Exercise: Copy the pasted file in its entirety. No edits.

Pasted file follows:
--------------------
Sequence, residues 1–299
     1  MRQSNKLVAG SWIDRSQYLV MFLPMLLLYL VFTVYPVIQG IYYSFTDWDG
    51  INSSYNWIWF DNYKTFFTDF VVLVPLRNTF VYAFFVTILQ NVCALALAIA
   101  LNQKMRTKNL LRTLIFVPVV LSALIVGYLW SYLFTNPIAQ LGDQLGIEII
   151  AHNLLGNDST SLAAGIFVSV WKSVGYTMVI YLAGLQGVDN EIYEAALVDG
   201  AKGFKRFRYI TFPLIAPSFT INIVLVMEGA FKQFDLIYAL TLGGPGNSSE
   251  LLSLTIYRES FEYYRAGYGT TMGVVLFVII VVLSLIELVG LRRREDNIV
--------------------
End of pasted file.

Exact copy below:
Sequence, residues 1–299
     1  MRQSNKLVAG SWIDRSQYLV MFLPMLLLYL VFTVYPVIQG IYYSFTDWDG
    51  INSSYNWIWF DNYKTFFTDF VVLVPLRNTF VYAFFVTILQ NVCALALAIA
   101  LNQKMRTKNL LRTLIFVPVV LSALIVGYLW SYLFTNPIAQ LGDQLGIEII
   151  AHNLLGNDST SLAAGIFVSV WKSVGYTMVI YLAGLQGVDN EIYEAALVDG
   201  AKGFKRFRYI TFPLIAPSFT INIVLVMEGA FKQFDLIYAL TLGGPGNSSE
   251  LLSLTIYRES FEYYRAGYGT TMGVVLFVII VVLSLIELVG LRRREDNIV